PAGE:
Page 426 - Week 02 - Tuesday, 22 March 2022

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I commend my amendment to Ms Lee’s motion to the Assembly.

MS VASSAROTTI (Kurrajong—Minister for the Environment, Minister for Heritage, Minister for Homelessness and Housing Services and Minister for Sustainable Building and Construction) (3.17): I thank Ms Lee for bringing this motion to the chamber. I rise to speak today in support of the amendments to the motion that is being debated. As has been discussed and agreed many times in this chamber in recent months, the ACT does have a housing affordability crisis. Despite suggestions from some in this chamber that this is a contested point, it has been acknowledged and it has been discussed at length.

As has been discussed many times in this chamber, we are not alone in facing this wicked problem. We continue to examine and explore what we can do to alleviate this situation that has seen an extraordinary increase in home prices in detached and other forms, not only here but across the country. Again, as we have previously discussed here, there is little evidence to suggest that this increase is solely based on supply.

Economic analysis regularly points to issues such as record low interest rates, tax settings and the like as specific reasons for this issue. The reality of an overheated market, particularly in the context of severely limited international migration and the economic uncertainty created by the pandemic, cannot be explained away by a simple statement that we just need to flood the market with more land. Even if we had it, even if we had the capacity to get it ready to be released to market, the increase in house prices for greenfield sites, infilled sites, freestanding properties or apartments demonstrates that there are other things at play.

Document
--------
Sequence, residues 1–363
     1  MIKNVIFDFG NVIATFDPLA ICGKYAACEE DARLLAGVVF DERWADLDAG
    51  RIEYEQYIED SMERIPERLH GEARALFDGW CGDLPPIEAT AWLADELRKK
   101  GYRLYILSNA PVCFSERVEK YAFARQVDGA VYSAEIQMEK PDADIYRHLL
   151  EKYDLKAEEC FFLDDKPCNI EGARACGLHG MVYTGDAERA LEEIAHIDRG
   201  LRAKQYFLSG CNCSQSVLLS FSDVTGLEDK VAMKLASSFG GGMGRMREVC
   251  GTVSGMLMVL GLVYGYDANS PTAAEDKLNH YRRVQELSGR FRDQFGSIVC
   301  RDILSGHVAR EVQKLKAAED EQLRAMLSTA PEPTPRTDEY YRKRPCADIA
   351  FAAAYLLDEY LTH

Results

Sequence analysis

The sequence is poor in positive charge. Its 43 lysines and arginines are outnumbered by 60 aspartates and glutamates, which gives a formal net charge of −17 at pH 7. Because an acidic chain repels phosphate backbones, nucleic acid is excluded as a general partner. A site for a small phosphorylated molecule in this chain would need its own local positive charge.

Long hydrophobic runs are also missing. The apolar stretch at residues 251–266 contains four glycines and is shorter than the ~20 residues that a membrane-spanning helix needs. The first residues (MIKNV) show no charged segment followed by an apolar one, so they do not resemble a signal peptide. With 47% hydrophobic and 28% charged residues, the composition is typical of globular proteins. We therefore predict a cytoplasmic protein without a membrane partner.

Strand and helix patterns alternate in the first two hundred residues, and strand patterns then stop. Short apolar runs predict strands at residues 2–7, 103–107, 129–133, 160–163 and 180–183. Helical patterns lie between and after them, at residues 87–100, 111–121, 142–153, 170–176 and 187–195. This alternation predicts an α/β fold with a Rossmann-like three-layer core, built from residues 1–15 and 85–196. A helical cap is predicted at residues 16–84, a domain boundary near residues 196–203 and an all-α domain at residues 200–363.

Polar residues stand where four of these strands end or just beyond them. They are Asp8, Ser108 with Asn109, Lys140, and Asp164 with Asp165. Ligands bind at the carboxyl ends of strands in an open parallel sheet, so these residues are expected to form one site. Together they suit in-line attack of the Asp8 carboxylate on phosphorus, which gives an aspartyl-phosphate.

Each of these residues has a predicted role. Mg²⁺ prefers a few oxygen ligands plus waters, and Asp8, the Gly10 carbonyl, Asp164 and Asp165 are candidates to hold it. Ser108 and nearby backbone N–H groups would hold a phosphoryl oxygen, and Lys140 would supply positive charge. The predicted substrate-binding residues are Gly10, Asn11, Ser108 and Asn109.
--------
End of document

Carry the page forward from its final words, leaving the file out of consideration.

We must also acknowledge that we find ourselves in the midst of not only a housing affordability crisis but a climate emergency and an extinction crisis. If we do not address the issues of ecological decline, climate change or unsustainable resource use, our housing will not only become less affordable; our city will no longer be liveable. Further, this path will see the inequality crisis turbocharged as well. Even if simplistic solutions were an option, they would do nothing to address the underlying issues that are driving inequality, including housing stress and homelessness.

As a minister with responsibilities that range across homelessness and housing services, the environment and sustainable building and construction, I do not have the luxury of considering one issue at the exclusion of all others or presenting Clayton’s solutions that are not achievable and do not actually address the complex issues we face as a community.

There has already been a discussion of the importance of ensuring that we get the balance right in relation to future development so that it occurs in a way that respects our obligations to this generation and future generations, is respectful to our environment and protects the environmental values that we are stewards of. The 70-30 split in relation to land being developed and delivered by government is a reflection of the reality that the land that sits within our territory is not a limited resource and we need to plan our future development in a way that delivers better outcomes for individuals, households, neighbourhoods and the city as a whole.

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